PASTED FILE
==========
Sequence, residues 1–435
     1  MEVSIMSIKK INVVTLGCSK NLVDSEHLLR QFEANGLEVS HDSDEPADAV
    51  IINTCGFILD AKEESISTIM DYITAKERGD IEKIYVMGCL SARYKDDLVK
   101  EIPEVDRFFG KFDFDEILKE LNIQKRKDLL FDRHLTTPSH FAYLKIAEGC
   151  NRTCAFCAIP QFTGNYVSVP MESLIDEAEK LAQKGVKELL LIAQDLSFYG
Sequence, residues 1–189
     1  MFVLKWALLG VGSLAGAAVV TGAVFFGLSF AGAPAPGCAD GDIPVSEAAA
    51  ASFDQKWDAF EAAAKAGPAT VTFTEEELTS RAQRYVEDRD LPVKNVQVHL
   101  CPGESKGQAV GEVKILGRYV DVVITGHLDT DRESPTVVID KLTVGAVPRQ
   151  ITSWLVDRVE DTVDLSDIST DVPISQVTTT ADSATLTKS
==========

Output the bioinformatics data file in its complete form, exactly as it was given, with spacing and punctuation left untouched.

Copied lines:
Sequence, residues 1–435
     1  MEVSIMSIKK INVVTLGCSK NLVDSEHLLR QFEANGLEVS HDSDEPADAV
    51  IINTCGFILD AKEESISTIM DYITAKERGD IEKIYVMGCL SARYKDDLVK
   101  EIPEVDRFFG KFDFDEILKE LNIQKRKDLL FDRHLTTPSH FAYLKIAEGC
   151  NRTCAFCAIP QFTGNYVSVP MESLIDEAEK LAQKGVKELL LIAQDLSFYG
Sequence, residues 1–189
     1  MFVLKWALLG VGSLAGAAVV TGAVFFGLSF AGAPAPGCAD GDIPVSEAAA
    51  ASFDQKWDAF EAAAKAGPAT VTFTEEELTS RAQRYVEDRD LPVKNVQVHL
   101  CPGESKGQAV GEVKILGRYV DVVITGHLDT DRESPTVVID KLTVGAVPRQ
   151  ITSWLVDRVE DTVDLSDIST DVPISQVTTT ADSATLTKS